What Writing Teaches Us About Parenting

Someday I hope to uncover a grand theory that unifies all of my life's pursuits, but for now, I'm content finding a few parallels between being a writer and a stay-at-home dad.
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Perhaps it's my writerly instincts, but I'm always on the lookout for connections and metaphors. Someday I hope to uncover a grand theory that unifies all of my life's pursuits, but for now, I'm content finding a few parallels between being a writer and a stay-at-home dad.

Communicate With Precision

The cliché goes that a writer must "find his or her voice." Sound advice, but what does this mean, practically? I've come to understand it as a close attention to mechanics and musicality. Every detail, from word choice to punctuation, plays a part in how a story or essay unfolds. No matter how engaging the content, the reader tunes out if the narrator doesn't command attention.

The same holds true when communicating with children. During my five years as a middle school teacher, I developed the habit of using direct imperatives rather than draping my commands in the pretense of questions -- a social convention of my upbringing. As a parent, I'm retraining myself to clearly wield authority in the same manner.

Even at 22 month,s my son notices. When asked, "Can you please clean up that mess?" he'll respond, "No, no, no." But if I tell him, "Clean up those blocks, please," he'll usually snap to and get straightening. (Of course, a toddler to a T, he sometimes runs away in defiance, no matter what my phrasing!)

Discipline is the most obvious or extreme example, but in many cases -- explaining how something works, defining a word, etc. -- the more precise your use of language, the better you're able to get across ideas on the page or to your child.

Go Where The Heat Is

When I'm struggling to make an essay come together, it's almost always because I'm holding back or talking around ideas, feelings or events that cause me discomfort. Essays click when I go there, putting words to what makes me most tense.

I write a column called "Fathering From the Hip" for my neighborhood Patch site. In my most recent column about how my son -- whom I take care of full-time, except that he prefers his mother on the weekends to me -- I was impelled to draw my wife into what had originally been a father-son portrait. She hates when I write about her, but the piece didn't feel authentic without her in it. I needed to risk her ire for the piece to work.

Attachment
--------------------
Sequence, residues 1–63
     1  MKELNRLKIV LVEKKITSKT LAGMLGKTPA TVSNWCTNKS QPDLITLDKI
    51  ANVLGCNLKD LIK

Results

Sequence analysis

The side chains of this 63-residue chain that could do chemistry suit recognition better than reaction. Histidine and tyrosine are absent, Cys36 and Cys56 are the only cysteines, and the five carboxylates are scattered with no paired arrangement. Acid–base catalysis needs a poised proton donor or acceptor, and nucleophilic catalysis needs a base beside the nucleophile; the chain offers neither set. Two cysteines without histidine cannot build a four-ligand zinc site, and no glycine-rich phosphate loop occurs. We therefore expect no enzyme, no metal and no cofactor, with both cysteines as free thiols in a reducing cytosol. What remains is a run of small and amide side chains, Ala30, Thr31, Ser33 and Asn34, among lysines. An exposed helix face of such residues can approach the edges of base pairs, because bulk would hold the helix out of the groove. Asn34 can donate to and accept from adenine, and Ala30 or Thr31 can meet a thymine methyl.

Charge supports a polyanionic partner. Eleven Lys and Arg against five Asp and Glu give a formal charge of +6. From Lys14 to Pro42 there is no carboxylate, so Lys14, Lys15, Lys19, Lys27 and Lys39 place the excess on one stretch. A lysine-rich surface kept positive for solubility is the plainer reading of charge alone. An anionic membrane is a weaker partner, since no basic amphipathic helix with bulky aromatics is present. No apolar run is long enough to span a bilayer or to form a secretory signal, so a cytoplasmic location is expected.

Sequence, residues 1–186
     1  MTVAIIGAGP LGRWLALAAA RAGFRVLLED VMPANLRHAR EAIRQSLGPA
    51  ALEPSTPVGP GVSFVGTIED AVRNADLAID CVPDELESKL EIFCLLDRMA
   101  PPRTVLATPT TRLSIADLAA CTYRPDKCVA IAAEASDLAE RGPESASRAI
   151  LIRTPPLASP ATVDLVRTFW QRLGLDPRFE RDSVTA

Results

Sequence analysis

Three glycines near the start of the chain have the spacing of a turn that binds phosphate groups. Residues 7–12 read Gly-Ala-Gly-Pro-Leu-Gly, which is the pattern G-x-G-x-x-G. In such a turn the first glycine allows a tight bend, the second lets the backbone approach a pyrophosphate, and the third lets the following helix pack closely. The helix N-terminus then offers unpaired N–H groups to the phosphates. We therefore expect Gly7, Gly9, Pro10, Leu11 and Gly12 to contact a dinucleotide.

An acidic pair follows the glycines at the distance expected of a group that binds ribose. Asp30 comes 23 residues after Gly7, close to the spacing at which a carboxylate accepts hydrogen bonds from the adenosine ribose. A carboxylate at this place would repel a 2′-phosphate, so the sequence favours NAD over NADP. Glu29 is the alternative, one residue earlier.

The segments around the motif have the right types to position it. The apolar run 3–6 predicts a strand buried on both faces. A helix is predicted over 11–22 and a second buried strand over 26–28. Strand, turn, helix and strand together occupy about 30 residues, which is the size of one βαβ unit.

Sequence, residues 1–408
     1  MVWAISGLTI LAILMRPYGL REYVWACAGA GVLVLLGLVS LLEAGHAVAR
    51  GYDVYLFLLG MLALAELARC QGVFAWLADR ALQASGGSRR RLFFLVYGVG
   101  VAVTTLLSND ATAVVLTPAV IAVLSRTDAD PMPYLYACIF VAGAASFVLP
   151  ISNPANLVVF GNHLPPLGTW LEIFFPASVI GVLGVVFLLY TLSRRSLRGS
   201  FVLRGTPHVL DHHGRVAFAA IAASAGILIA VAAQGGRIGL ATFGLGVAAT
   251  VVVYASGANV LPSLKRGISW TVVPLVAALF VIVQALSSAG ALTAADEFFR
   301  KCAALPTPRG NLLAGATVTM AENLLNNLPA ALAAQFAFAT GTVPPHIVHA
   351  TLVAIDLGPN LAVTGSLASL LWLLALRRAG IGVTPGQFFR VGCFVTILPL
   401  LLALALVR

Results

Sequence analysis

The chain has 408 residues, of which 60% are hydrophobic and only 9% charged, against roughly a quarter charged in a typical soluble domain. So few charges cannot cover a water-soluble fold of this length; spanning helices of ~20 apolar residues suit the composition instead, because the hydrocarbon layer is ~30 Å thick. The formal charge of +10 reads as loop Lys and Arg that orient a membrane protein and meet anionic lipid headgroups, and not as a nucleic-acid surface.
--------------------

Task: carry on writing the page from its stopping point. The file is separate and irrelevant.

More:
Sometimes heading into the fire of the conflict, as scary as it seems, is the way to go when parenting, as well.

Recently, my wife and I took away our son's pacifier. He learned that if the binkie fell out of the crib, we would come and replace it, so he began throwing it out on purpose to keep us by his side. Sometimes I wouldn't even make it back to bed before hearing it hit the floor again. We felt powerless. He had spent every slumber for the first 20 months of his life happily sucking away on the bulbous piece of rubber. We couldn't just take it away, cold turkey.

But that's just what we did. His antics were already keeping us up at night, so we figured we had nothing to lose. And we didn't. Despite our worries, he fell asleep just fine without it the next night.

Revision Is A Wonderful Thing

In writing, there are no decisions that, once made, can not be undone in later drafts. Open roads sometimes turn into blind alleys, and vice versa, but it's impossible to know without exploration. It's called the writing process for a reason -- work rarely pops out perfect in one take.

The same goes for parenting. Children are resilient and flexible, eager to learn, mimic and please. Never feel like a policy or decision can not be changed or over-turned if it no longer works.

When our toddler, after almost a year of great sleeping, decided to become nocturnal and stay up all hours, we tried a multitude of techniques. But every strategy that brought relief eventually backfired. For example, co-sleeping gave us a couple of blissful nights before our bed became a war zone, with him literally in -- well, more like on -- our faces, battling to keep us up with him.

Instead of surrendering, we simply rebooted and tried something new. A few nights of tears and tantrums later, we managed to re-instill in him the value of a good night's sleep.

As Karen Russell said when I interviewed her for The Huffington Post, persistence is everything. Don't give up, or ever succumb to the feeling that either your work or child is out of your control. That might be the case for a bit, but not forever.

Sadly, the reverse of this rings true as well. Even the best phases come to an end, eventually.

Don't Go It Alone

While the author holds ultimate responsibility for what appears on the page, writing is a practice informed and guided by other influences -- reading, obviously, but also by the hand of an editor or critical reader. When I lose my way in a piece, I seek out other opinions, escaping the hall of mirrors to find an outside perspective.

As a parent, I often turn to other parents for advice -- first and foremost, my own. Sometimes they can only listen and commiserate, reminding me that what feels like forever now will one day be a blip in our family's history. In fact, we might just be wringing our hands over a problem we'll one day not even remember.

As a writer and a parent, and especially as a stay-at-home parent, it can be hard not to feel alone. In some ways, one is, as the particulars of your work and your child are unique and special. But every writer and parent feels this way at some point. Never hesitate to dip into the well for advice.

Take comfort in the fact that while no one can magically pull the perfect piece of prose out of you, or provide you a golden strategy for best raising your child, we're all engaged in the struggle.

And what a worthwhile pursuit it is.